Two trials, enrolling 54 infants in total, fulfilled the inclusion criteria. Both reported only the short term results (4 to 6 hours) of the interventions. Only one infant (randomised to NCPAP) required intubation during this period. Ryan (1989), in a cross over study of 20 infants, showed no significant difference in rates of apnea (events/hr) between the 2 interventions {WMD -0.10 (-0.53, 0.33)}. Lin (1998) randomised 34 infants and demonstrated a greater reduction in frequency of apneas (events/hr) with NIPPV compared to NCPAP { WMD -1.19 (-2.31, -0.07)}. Meta-analysis of both trials showed no difference in pCO2 (mmHg) at the end of the 4-6 hour study period {WMD 0.95 (-3.05, 4.94)}. No data were reported on gastrointestinal complications.

Reviewers' conclusions

Implications for practice: NIPPV may be a useful method of augmenting the beneficial effects of NCPAP in preterm infants with apnea that is frequent or severe. Its use appears to reduce the frequency of apneas more effectively than NCPAP. Additional safety and efficacy data are required before recommending NIPPV as standard therapy for apnea.

Implications for research: Future trials with sufficient power should assess the efficacy (reduction in failure of therapy) and safety (GI complications) of NIPPV. Outcomes should be assessed throughout the entire period during which the infant requires assisted ventilation. The recent ability to synchronise NIPPV with an infant's spontaneous respirations is a promising development requiring further assessment.

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Background

The majority of preterm infants born before 34 weeks gestation experience apnea of prematurity in the first 10 days of life (Barrington 1991). Apnea in infants has been defined as a pause in breathing of greater than 20 seconds or an apneic event less than 20 seconds associated with bradycardia and/or cyanosis (Nelson 1978). Apnea may be classified as obstructive (10-20%), central (10-55%) or mixed (33-71%) (Miller 1985, Ruggins 1991). Methylxanthines are effective in treating apnea of prematurity (Henderson-Smart 1999). Recent concerns about potential long term neurological morbidity associated with use of methylxanthines in preterm infants (Schmidt 1999) have renewed interest in other modalities of treatment for apnea of prematurity. NCPAP has been reported to be an effective treatment for apneas of obstructive and mixed types (small non-randomised studies), presumably by improving airway patency (Andréasson 1988, Miller 1985), but no systematic review comparing NCPAP to no treatment for apnea of prematurity could be found. Some infants treated with both methylxanthines and NCPAP continue to experience troublesome apnea. NIPPV is a potentially useful therapy for such infants.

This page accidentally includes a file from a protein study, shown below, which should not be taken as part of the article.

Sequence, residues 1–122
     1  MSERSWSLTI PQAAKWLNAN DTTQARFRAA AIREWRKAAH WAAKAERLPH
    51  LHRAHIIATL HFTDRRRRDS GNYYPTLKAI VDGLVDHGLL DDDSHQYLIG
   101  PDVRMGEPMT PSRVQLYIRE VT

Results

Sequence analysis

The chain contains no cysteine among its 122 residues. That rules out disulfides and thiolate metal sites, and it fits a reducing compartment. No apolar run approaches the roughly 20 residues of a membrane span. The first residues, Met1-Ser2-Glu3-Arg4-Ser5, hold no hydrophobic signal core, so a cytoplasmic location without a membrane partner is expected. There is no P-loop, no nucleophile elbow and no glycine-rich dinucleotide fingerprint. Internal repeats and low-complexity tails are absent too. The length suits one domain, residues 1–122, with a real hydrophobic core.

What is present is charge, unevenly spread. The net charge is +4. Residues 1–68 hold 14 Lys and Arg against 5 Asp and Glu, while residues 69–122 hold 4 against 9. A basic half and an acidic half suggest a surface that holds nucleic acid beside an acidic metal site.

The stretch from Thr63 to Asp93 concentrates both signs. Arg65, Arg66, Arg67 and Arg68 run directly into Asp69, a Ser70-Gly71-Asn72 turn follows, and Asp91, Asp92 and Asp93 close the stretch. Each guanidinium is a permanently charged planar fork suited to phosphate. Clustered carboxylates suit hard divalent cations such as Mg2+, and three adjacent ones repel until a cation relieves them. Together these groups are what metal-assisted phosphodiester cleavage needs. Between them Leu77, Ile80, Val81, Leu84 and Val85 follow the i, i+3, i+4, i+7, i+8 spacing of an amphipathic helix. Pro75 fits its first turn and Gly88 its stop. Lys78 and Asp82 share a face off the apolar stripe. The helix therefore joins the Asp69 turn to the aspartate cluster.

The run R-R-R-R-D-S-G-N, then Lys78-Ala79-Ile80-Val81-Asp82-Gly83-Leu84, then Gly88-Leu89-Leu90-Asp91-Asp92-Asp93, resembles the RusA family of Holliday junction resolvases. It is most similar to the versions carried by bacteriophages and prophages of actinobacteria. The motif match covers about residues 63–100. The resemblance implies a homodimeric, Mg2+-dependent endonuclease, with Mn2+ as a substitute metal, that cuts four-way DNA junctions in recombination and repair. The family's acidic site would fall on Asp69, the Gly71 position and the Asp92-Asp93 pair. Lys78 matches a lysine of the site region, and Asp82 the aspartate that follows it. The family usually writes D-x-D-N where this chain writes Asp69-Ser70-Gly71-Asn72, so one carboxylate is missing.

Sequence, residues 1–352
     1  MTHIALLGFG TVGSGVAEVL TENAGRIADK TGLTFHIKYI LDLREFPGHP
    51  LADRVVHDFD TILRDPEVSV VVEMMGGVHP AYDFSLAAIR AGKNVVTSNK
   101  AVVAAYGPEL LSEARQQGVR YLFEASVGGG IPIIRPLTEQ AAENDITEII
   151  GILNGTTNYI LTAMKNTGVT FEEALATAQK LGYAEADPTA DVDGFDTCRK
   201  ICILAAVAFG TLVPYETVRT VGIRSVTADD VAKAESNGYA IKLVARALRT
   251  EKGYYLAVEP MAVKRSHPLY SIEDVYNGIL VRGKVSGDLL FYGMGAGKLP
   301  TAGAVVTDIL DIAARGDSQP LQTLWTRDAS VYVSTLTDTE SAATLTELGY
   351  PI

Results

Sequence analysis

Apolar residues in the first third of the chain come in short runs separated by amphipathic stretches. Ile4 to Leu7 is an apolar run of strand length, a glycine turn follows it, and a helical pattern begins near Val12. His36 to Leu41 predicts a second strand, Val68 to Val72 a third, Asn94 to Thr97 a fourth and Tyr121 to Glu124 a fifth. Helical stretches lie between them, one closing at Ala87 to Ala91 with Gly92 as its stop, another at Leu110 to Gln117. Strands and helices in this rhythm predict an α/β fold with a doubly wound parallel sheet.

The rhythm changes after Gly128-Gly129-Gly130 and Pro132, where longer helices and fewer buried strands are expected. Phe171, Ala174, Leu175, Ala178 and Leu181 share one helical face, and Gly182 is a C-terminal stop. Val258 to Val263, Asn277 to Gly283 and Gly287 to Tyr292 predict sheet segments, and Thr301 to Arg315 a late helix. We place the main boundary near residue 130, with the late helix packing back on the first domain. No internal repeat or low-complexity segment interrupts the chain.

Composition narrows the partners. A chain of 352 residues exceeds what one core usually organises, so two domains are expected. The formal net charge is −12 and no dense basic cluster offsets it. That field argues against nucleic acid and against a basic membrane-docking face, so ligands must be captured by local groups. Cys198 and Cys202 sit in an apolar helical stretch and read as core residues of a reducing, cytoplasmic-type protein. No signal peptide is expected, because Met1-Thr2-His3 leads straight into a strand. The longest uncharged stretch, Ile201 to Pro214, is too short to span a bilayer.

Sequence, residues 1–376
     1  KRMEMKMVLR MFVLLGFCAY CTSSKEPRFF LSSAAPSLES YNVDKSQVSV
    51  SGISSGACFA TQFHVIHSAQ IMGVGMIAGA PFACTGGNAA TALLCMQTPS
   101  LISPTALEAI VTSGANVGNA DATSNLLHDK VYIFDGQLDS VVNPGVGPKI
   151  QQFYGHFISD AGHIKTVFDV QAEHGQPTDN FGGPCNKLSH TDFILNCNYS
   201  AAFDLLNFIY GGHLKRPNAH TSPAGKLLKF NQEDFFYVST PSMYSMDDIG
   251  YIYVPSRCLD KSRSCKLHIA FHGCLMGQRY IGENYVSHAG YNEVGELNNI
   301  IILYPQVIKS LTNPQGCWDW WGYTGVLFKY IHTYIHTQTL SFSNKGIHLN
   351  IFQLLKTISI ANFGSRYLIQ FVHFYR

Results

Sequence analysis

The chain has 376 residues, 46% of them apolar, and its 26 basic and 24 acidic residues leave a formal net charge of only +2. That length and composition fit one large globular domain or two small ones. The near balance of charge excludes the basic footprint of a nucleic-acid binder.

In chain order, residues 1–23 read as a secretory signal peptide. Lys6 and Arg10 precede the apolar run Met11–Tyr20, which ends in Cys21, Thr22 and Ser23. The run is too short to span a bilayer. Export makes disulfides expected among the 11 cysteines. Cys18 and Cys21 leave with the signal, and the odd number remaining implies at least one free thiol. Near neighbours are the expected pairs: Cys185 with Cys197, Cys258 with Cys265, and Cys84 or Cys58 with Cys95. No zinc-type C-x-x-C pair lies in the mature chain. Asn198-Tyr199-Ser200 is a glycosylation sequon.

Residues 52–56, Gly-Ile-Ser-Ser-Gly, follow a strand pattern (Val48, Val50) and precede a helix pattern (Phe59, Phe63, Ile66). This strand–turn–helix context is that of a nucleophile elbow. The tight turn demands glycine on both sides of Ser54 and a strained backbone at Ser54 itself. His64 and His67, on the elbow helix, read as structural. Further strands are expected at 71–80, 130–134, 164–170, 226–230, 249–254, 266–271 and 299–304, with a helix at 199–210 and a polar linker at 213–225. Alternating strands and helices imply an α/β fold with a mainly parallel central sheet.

Adults and older children with acute or chronic ventilatory failure of various etiologies, including chronic obstructive pulmonary disease (Bott 1993), severe kyphoscoliosis (Ellis 1988) and pre-lung transplantation cystic fibrosis (Piper 1992) have been treated with intermittent positive pressure ventilation delivered via a nasal interface. Improvements in hypoventilation and oxygen saturation levels have been described.

Miller 1985 reported a case series of 10 very small newborn infants with intractable apnea of prematurity who were treated with IPPV administered via nasal prongs. A survival rate of 50% was found, but there was no comparison with a control group. A more recent case series reported that 5 of 7 infants failing NCPAP because of intractable apnea were managed without intubation and mechanical ventilation using nasal IPPV, with only minor side effects (Derleth 1992). NIPPV in various forms was reported to be used by 53% of Canadian tertiary care nurseries in the mid 1980s (Ryan 1989). NIPPV has been shown to reduce asynchronous thoracoabdominal motion perhaps as a result of reducing tube resistance and/or better stabilisation of the chest wall (Kiciman 1998). The technique has not been without problems in neonates. Garland 1985 reported an association between the use of ventilation via nasal prongs and increased risk of gastrointestinal perforation.

Until recently, NIPPV was not synchronized with the infant's breathing. It is possible that gastrointestinal side-effects might be reduced if ventilator breaths were delivered in synchrony with laryngeal opening.

Objectives

Two primary objectives were identified:

  1. In preterm infants with recurrent apnea, does treatment with NIPPV reduce the rate of failure of therapy (frequent or severe apneas requiring additional ventilatory support or use of endotracheal intubation) as compared with treatment with NCPAP?
  2. Does NIPPV lead to more GI complications i.e. gastric distension requiring cessation of feeds, or GI perforation, as compared to NCPAP?

Subgroup analyses were planned on the basis of:

  • method of NIPPV delivery (nasal prongs or nasopharyngeal tube)
  • methylxanthine usage
  • characteristics of participants: birth weight and corrected age at time of intervention, eg with cut-offs at 1000g and 28 weeks

Criteria for considering studies for this review

Types of studies

All randomised and quasi-randomised trials were included

Types of participants

Unventilated preterm infants (ie those born before 37 completed weeks gestation) experiencing apnea of prematurity

Types of interventions

Intermittent positive pressure ventilation administered via the nasal route, either by short nasal prongs or nasopharyngeal tube, vs nasal CPAP delivered by the same method

Types of outcome measures

Primary outcome measures: